Happy 75th Birthday JC

Not that JC — I’m talking about John Cale. Not the one from Oklahoma, the one from Wales. Author of many great songs, “Cocaine” and “After Midnight” not among them. I’ll let him explain further:


Happy Birthday, Robbie and Robert

An interesting confluence of birthdays today: Robbie Robertson and the RZA. You could say that both have spent considerable time as musical masterminds presiding over groups of formidable talents; would that make the Wu-Tang Clan the Band of hip-hop? I guess it would.

Since I just downloaded a groovy new table-making plug-in for WordPress, let’s look at them in table form, shall we?

Robbie RobertsonThe RZA
Birth NameJaime Robert KlegermanRobert Fitzgerald Diggs
DOBJuly 5, 1943July 5, 1969
Personal FactoidMother was Mohawk, father was JewishNamed after Bobby and John Kennedy
Professional FactoidProduced Neil Diamond's "Beautiful Noise"Appears on Shaquille O'Neal's
"Shaq-Fu: Da Return"
Musical GroupsThe Band, Levon & the Hawks, Little Caesar & The Consuls, Robbie Robertson and the Rhythm Chords, Robbie & The Robots, Thumper & the TrambonesWu-Tang Clan, Gravediggaz, All in Together Now
Eccentric Musical AssociateGarth Hudson, Bob DylanOl' Dirty Bastard
Best-Known CompositionsThe Weight, The Night They Drove Old Dixie Down, Up on Cripple CreekBring the Ruckus, Protect Ya Neck, C.R.E.A.M.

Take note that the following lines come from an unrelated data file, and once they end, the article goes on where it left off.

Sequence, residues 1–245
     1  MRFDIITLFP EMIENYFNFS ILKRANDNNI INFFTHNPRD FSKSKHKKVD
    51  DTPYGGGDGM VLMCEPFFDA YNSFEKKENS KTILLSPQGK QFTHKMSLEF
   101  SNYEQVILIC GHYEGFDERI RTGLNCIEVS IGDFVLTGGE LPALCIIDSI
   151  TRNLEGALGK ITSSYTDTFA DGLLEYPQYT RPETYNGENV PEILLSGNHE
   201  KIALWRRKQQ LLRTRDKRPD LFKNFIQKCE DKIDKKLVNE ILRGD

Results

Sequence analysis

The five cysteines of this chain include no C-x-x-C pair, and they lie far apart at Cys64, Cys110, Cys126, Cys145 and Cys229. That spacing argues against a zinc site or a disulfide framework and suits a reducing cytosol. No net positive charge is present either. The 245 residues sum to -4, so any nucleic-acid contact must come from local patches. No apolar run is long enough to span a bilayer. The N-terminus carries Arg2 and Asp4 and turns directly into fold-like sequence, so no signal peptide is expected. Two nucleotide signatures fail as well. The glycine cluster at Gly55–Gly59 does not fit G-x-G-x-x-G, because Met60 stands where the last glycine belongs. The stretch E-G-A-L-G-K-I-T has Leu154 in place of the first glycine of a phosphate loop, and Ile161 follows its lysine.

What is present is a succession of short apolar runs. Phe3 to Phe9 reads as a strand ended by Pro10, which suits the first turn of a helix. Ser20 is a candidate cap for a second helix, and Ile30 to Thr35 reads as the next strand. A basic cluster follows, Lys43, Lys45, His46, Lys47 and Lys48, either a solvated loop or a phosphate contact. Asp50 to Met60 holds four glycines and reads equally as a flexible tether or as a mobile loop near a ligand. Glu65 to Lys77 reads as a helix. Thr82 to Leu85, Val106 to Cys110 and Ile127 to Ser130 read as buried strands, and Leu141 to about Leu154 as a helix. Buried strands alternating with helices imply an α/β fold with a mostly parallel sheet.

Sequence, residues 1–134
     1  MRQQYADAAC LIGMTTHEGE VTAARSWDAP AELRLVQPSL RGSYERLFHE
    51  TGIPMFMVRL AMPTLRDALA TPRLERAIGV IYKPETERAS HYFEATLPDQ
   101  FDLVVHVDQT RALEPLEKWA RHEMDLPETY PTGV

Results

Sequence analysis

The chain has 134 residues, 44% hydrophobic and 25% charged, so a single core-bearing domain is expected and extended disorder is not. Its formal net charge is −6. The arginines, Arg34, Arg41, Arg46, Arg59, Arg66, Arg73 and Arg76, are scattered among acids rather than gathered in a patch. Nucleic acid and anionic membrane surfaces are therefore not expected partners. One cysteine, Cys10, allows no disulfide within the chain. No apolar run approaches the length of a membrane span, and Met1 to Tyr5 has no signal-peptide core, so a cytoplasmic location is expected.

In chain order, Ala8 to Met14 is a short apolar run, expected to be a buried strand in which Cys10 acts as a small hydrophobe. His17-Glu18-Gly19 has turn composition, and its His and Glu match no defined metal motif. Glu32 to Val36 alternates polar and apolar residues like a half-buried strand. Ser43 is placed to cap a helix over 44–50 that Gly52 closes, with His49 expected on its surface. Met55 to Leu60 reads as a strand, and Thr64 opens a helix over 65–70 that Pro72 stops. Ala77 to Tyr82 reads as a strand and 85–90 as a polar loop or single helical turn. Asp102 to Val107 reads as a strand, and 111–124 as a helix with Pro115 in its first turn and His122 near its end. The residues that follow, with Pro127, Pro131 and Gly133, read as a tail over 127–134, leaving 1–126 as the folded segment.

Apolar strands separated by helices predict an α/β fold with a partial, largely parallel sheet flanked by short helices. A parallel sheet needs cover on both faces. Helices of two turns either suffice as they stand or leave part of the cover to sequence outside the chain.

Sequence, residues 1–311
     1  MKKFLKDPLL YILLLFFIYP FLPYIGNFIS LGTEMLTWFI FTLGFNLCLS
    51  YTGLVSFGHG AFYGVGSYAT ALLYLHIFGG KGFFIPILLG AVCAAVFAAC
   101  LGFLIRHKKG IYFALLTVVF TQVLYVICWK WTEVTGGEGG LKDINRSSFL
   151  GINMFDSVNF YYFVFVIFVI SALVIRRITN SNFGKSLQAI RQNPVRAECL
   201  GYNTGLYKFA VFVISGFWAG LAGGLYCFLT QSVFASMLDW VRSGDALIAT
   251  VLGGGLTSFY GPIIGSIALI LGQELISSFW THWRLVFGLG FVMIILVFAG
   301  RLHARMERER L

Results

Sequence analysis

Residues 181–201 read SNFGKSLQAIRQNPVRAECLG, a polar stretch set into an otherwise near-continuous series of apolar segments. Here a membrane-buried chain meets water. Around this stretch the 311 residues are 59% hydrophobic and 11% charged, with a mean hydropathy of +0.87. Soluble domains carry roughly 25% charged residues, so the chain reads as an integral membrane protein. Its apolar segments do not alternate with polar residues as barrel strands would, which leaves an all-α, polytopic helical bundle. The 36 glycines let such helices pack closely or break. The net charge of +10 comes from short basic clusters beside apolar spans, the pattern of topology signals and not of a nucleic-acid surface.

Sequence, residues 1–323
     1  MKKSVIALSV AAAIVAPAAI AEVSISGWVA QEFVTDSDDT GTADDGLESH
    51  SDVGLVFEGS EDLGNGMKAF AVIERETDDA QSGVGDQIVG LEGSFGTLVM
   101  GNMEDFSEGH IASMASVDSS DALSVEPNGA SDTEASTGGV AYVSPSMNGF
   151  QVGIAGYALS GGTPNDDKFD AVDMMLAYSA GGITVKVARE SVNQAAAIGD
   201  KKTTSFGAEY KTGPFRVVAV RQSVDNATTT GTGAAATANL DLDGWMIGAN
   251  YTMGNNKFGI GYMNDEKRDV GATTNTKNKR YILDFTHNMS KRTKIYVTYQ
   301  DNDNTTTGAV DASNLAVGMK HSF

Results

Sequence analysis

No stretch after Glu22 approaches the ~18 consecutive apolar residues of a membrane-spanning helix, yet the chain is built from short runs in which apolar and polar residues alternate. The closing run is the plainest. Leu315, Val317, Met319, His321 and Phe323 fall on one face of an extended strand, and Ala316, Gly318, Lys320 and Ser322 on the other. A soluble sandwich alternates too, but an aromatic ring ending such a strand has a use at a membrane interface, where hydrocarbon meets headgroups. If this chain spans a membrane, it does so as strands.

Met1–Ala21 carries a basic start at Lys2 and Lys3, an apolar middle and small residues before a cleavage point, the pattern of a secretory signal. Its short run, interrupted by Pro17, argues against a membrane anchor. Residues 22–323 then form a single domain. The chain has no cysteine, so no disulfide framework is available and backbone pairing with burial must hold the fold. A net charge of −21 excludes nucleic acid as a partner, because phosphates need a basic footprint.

Movie AppearancesCarny, The Crossing GuardGhost Dog, Funny People, American Gangster

The Love Man

The great Otis Redding would have been 70 today if not for a spot of bad luck with an airplane, and I have no doubt he would still have been going strong. Otis was a force. I’ll never forget seeing the concert doc of his performance at Monterey Pop for the first time – at the UC Theater back in the day – and being utterly flabbergasted. Words like “dynamic,” “electrifying,” and “unbelievable” scarcely begin to describe what Otis could do on stage. If, by some dreadful misfortune, you haven’t seen it, well…

I thought that this was perhaps the greatest musical performance I’d ever seen by a human being…and then the second part of the bill, Jimi Plays Monterey, came on, and we entered the realm of something beyond human.

Six months after Monterey (and two months after your humble scribe was born), Otis would be gone at the tender age of 26. Thankfully he lived long enough (by three days!) to record “(Sittin’ On) The Dock of the Bay,” a truly beautiful song that showcases Otis’s sensitive side. It never fails to make any day better.